Speaking of safety, the majority of safety features here were included in option packages. I won’t repeat them all as they are in the stat box below, but everything from blind-spot assist to adaptive high-beams and the navigation system are in packages totaling $3,895.

Which brings us to gas mileage, something of concern as $3 a gallon gas is pretty much the norm now. I managed an excellent 28.2 mpg in about a 50-50 mix of city and highway driving with up to four aboard, and I didn’t go easy on the throttle a lot either. High octane fuel is preferred and the EPA rates the GLA250 at 24 mpg city and 33 highway.

Spiffy black wheels with Mercedes logos!

If 221 horses aren’t enough there are two other GLA models with more oomph. The GLA350 touts a horsier turbo 2.0 I4 at 302 horses from an AMG-tuned motor and the GLA450 delivers 382 horses. This engine is hand-built by Mercedes AMG performance factory.

Those models start at $47,550 and $54,500, respectively, and reflect mid-level luxury prices. Ironically the tester actually cost more than those horsier trims, once all its options were ladled on to this wundercar!

FAST STATS: 2021 Mercedes-Benz GLA250 4Matic

Hits: Good power and sporty looks and handling, plus AWD. Mercedes version of Alexa, panoramic sunroof, heated seats, 5 round dash air vents, wireless charger, stereo upgrade, power hatch, 4 drive modes, 10.25-inch screen, SOS overhead, lower seat extensions and excellent braking.

Is it just me or does this remind you of a Star Wars stormtrooper?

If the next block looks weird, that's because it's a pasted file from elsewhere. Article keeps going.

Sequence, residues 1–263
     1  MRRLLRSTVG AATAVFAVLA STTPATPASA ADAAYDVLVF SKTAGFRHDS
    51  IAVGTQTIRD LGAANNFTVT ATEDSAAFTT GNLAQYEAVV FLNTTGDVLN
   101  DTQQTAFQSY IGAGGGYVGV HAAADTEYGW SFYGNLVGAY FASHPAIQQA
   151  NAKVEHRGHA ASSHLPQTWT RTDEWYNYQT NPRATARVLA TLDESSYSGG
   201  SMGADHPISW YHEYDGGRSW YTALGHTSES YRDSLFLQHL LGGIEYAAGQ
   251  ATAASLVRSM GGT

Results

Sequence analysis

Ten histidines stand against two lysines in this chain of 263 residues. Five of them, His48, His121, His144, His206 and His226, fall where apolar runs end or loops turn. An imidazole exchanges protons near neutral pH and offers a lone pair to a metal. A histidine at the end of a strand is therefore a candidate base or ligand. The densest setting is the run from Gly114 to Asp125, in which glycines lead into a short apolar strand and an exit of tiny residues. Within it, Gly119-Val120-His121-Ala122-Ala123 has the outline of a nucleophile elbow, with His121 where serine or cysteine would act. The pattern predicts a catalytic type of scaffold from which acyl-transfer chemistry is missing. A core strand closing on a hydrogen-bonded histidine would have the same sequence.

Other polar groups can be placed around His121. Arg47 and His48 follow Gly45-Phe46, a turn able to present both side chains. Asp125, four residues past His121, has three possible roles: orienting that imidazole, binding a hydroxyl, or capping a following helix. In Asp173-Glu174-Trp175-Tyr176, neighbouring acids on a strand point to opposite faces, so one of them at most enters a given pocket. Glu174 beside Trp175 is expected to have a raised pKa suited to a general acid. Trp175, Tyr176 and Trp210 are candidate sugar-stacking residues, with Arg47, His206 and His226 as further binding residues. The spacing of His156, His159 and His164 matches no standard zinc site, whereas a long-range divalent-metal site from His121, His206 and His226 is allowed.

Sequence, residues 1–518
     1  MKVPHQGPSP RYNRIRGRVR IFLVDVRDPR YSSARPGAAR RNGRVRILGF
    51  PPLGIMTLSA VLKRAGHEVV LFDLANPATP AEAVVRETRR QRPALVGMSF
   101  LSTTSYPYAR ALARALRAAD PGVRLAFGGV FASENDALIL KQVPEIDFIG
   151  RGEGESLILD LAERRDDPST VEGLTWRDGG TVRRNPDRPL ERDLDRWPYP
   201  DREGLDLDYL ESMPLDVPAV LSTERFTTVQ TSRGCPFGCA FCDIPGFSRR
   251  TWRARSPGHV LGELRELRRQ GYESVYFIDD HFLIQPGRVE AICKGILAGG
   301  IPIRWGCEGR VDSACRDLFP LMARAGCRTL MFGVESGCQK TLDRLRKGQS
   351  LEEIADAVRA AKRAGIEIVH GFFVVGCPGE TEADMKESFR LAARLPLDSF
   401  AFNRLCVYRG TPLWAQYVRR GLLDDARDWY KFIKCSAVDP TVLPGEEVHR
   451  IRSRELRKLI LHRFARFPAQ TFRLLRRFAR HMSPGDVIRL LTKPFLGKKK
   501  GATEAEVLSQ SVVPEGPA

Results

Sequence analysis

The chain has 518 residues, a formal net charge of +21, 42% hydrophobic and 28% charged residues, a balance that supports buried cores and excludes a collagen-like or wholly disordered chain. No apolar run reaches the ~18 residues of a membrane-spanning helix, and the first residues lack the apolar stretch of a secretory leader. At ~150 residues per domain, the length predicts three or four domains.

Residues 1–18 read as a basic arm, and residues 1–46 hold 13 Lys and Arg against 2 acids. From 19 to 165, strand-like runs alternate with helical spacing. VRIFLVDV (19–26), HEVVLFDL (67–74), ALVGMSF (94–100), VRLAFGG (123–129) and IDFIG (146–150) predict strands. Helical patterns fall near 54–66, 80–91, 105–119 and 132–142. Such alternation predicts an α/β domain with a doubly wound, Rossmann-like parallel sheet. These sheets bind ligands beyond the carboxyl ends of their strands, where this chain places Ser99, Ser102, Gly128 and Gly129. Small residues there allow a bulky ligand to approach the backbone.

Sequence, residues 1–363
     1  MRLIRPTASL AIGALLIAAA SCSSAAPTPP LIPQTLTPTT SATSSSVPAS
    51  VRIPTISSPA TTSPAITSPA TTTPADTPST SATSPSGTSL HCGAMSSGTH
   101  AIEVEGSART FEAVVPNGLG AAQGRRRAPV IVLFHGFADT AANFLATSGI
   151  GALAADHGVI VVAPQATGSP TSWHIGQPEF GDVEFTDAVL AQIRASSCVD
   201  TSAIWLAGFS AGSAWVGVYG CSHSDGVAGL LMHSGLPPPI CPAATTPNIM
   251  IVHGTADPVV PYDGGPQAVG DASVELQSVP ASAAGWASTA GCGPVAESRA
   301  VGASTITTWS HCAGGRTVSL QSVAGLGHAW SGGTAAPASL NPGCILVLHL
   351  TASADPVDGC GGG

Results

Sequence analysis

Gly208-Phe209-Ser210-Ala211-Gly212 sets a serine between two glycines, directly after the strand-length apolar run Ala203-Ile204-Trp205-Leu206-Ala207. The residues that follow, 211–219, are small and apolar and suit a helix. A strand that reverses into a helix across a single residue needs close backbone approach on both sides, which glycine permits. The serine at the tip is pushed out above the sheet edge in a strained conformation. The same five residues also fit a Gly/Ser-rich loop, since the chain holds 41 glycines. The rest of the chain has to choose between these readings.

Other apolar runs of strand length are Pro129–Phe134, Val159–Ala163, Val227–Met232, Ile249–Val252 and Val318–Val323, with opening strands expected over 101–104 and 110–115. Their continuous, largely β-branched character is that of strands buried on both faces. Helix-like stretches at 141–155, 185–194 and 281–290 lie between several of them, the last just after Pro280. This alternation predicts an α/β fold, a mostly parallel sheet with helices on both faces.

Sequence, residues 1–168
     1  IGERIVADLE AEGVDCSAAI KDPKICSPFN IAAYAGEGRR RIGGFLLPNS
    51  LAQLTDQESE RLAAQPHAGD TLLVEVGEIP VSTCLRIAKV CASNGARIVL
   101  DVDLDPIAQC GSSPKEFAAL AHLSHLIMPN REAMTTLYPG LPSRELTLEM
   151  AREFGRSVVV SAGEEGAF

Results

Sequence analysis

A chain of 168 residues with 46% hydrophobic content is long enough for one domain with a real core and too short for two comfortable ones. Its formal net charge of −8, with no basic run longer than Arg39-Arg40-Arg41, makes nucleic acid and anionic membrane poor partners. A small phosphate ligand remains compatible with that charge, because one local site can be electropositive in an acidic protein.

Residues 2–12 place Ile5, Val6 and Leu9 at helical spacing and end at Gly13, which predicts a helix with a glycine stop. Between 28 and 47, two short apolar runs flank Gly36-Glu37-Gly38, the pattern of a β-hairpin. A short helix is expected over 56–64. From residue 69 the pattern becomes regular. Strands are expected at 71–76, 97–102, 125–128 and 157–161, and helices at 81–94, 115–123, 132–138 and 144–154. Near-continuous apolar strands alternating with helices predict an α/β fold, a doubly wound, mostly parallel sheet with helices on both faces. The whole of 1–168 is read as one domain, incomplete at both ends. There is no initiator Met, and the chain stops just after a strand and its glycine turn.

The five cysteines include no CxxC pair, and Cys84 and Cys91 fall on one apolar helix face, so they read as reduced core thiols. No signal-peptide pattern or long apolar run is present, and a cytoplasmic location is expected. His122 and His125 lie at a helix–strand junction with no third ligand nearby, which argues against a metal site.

Misses: Firm ride, power hatch doesn’t always latch properly, knob to release lower seat extension sticks out too far, odd front-view camera engages at intersections, console touchpad for screen adjustment, abrupt lane departure correction with braking, shift lever on right of steering column an unusual location.

Made in: Rastatt, Germany

Engine: 2.0-liter turbo I4, 221 hp

Transmission: 8-speed automatic

Weight: 3,494 lbs.

Wheelbase: 107.4 in.

Length: 173.6 in.

Cargo: 15.2-50.5 cu.ft.

MPG: 24/33

MPG: 28.2 (tested)

Base Price: $39,280 (includes delivery)

Invoice: N.A.

Major Options:

Titanium gray/black leather interior, $1,450

Natural grain black linden wood trim, $325

Multi-function leather steering wheel, $360

20-inch black AMG multi-spoke wheels, $1,050

Panoramic sunroof, $1,500

Suspension w/adaptable damping, $990

Sirius XM radio, $460

Burmester surround sound system, $850

Heated front seats, $500

64-color interior ambient lighting, $310

Wireless charging, $200

USB-C adapter cable, $25

Driver assistance package (active brake assist w/cross-traffic function, distance assist, steering assist, blind-spot assist, lane-keeping assist, lane assist, speed limit assist, emergency stop assist, evasive steering assist, Pre-Safe Plus, route-based speed adaptation, extended restart in Stop-Go traffic), $1,700

Exterior lighting package (active LED headlights, adaptive high-beam assist), $900

Multi-media package (navigation and nav services, MBUX augmented reality nav, speed limit assist), $1,295

Night package (high-gloss black grille trim, exterior mirror covers, window trim), $400

AMG line (AMG body styling, perforated front discs, MB lettering, AMG diamond block grille), $2,240

Premium package (10.25-inch info screen, 10.25-digital instrument cluster, Keyless-Go package, auto-dimming rearview and driver-side mirrors, power fold mirrors), $1,750

Test vehicle: $55,585

Sources: Mercedes-Benz, www.kbb.com

Photos: Mark Savage